LETHBRIDGE: City council is trying to stick to its budget diet. Early estimates show the property tax increase for the average homeowner could be as low as $135 and as high as 11 per cent or $200 total over the next three years.
At issue now is a list of new projects. If council approves them, the budget will increase - and so will the strain on taxpayers' pockets. But aldermen have been trying to keep that stress minimal. For one, they directed staff to trim the base budget to a number that's noticeably smaller than councils started with in previous years. That base has now been cut to 2.5 per cent per year from 2012 to 2014, or 7.5 per cent total. The percentage translates to an average of about $135 in tax increases over those three years.
The new projects list, and how much council decides to spend on them, can potentially push that tax increase number higher - depending on the decisions they make in coming weeks. A presentation from staff Monday revealed the maximum "add-on" that could come out of that list is 1.2 per cent - or an extra $65 over the three years. Most of the new initiatives on the list come from Economic Development Lethbridge, the Lethbridge Regional Police and the City's Public Library system.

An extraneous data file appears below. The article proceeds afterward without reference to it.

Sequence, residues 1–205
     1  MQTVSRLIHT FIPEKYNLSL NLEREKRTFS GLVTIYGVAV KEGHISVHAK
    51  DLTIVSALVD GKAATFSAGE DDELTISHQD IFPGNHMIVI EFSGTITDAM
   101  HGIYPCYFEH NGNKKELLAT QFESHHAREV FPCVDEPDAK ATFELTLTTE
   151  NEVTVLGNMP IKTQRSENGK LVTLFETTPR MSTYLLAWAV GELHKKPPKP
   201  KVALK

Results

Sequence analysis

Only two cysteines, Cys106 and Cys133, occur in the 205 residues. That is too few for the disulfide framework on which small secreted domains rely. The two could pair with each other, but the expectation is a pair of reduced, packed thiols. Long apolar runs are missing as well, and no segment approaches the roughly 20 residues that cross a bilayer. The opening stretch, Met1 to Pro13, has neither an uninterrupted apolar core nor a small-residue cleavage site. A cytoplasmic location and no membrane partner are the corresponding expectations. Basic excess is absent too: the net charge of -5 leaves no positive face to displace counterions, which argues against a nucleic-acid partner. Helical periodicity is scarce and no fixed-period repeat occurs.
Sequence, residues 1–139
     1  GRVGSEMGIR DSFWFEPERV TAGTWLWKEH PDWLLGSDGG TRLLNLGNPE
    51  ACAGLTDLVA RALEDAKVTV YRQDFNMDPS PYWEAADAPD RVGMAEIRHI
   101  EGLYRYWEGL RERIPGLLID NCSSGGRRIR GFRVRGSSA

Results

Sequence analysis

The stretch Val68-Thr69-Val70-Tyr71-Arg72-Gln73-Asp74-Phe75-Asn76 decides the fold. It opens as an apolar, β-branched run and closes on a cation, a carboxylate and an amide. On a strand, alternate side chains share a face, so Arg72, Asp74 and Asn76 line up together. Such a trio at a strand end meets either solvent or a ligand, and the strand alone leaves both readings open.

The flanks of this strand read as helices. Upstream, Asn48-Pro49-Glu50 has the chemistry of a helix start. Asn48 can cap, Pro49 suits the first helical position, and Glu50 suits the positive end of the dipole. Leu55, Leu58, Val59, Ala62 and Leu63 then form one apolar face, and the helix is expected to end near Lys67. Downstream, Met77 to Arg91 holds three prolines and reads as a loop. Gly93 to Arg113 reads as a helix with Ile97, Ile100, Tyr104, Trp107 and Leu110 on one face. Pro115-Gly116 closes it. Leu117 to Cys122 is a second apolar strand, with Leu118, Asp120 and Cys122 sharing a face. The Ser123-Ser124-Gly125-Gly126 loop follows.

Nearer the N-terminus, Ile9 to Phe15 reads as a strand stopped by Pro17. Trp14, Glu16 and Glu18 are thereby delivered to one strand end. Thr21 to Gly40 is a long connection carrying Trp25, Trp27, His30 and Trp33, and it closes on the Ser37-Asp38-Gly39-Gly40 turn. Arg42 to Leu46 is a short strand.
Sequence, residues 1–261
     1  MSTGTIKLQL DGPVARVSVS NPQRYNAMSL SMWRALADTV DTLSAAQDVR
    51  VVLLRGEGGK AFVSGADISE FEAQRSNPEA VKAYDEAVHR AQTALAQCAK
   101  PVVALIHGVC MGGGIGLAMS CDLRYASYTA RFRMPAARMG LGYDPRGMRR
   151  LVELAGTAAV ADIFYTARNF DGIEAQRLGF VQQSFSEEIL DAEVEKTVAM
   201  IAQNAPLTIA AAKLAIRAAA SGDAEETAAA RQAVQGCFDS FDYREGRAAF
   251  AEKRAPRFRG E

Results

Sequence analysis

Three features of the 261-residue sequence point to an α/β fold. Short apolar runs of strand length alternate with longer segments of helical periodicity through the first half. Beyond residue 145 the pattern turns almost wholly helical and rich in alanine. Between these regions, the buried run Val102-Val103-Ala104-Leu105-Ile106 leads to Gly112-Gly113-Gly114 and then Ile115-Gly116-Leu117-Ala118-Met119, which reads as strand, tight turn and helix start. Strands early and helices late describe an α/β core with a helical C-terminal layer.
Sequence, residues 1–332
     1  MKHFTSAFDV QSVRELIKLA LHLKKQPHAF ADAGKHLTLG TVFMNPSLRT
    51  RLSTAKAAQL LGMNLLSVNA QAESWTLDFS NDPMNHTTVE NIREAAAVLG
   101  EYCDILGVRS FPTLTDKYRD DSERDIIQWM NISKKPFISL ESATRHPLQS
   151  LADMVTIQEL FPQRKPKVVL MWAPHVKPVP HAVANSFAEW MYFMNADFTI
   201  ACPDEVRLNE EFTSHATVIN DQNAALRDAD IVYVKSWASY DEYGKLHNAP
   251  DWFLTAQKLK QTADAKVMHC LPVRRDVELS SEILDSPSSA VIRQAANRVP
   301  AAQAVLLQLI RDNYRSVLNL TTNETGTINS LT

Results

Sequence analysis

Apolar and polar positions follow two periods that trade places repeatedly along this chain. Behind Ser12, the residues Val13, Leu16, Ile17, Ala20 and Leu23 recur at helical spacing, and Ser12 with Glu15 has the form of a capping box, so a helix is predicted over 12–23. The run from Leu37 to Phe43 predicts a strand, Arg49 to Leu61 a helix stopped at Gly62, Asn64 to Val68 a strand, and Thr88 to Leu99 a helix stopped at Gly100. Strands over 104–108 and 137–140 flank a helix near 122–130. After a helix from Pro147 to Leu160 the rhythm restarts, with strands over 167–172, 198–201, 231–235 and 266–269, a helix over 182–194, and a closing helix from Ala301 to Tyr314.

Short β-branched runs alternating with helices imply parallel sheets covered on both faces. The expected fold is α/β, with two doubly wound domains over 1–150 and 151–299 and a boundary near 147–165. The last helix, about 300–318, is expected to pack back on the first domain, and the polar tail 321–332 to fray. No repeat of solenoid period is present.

No matter what decision council makes on these projects, the upcoming round of property tax hikes comparatively low. Even at the highest estimate - the 11 per cent increase over three years - the 2012 to 2014 cycle will clock the lowest tax increase since 2001. For example, during the last budget cycle from 2009 to 2011, taxes increased a total of about 14.6 per cent. Before that, during the 2006 to 2008 budget cycle, taxes increased a total of 22.4 per cent. Council is inviting public feedback on the upcoming budget from now until the final vote November 28.